Most children get their Mom a card and flowers for Mother’s Day. Taryn McGinley got her mother a couple of hits in the leadoff spot, some nice stops in the field, and a win in the standings.

Taryn plays third base for the Kings Park softball team. The coach of the team is her mother, Kim. And Mother’s Day will be a little more festive thanks to King’s Park’s 12-1 win over West Babylon on Saturday.

“Coming out with a W makes the day even more special,” Kim said.

Kim, who is in her 18th season as head coach at Kings Park, has had one of her daughters on the team in each season since 2004. Her eldest daughter, Heather started the streak in 2005. It was carried on by Megan, and will end with Taryn, who is in her fifth and final season.

“She’s a great coach,” said Taryn, who will play at Cortland University, her mother’s alma mater. “She cares so much about the game and about every girl on the team. She treats them all like they are her daughters.”

A former softball player herself, Kim first decided to get into coaching when a little league coach made Heather, a lefty, field as a righty.

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“I couldn’t say anything unless I was willing to step up to the plate and coach,” Kim said. “And that’s what got me so deeply involved in softball.”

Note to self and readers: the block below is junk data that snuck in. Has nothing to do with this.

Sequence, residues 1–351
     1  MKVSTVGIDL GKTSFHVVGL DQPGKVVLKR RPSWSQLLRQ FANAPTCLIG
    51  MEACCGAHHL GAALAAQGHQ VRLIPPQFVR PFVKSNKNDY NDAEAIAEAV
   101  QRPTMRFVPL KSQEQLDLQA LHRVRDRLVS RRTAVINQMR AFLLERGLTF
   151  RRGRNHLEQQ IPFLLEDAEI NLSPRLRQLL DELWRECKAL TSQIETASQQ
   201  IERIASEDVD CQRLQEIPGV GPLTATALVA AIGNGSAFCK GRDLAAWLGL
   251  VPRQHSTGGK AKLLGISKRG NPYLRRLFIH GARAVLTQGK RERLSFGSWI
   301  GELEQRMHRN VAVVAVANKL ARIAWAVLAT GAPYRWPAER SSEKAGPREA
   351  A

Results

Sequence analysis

Since then, the family has learned to handle what can be a tricky Coach/Mom and Player/Daughter crossover. There was no preferential treatment. In fact, Kim says it was quite the opposite.

“They had to prove themselves as a player, not as my daughter,” she said. “I couldn’t give them any special treatment. They had to earn their spots. I was probably harder on my daughters than I am on any of the other players.”

Taryn says that extra pressure from her coach and mother was actually beneficial.

“It helped me in so many ways,” she said. “I had to prove my spot on the team, especially because I came up in eighth grade and I was so young. Her expecting more from me and pushing me to be better has made me the best player I can be today.”

The car ride home, and conversations at the dinner table are rarely spent discussing a strikeout at the plate or an error made in the field. Softball talk is kept mostly at the field.

“We try not to bring it into the house,” Kim said. “Her father on the other hand, that’s different,” she added with a laugh.

Kim and Taryn both have a rare day off from softball on Sunday. So they said they’ll be going out to eat for what will be their final Mother’s Day together as player and coach. And Taryn did get her Mom another gift to go along with the hits, the putouts, and the win.

“She loves to plant so I got her a tree for her garden,” Taryn said. “She honestly does deserve the best Mother’s Day cause she the best mother. And she’s the best coach, too.”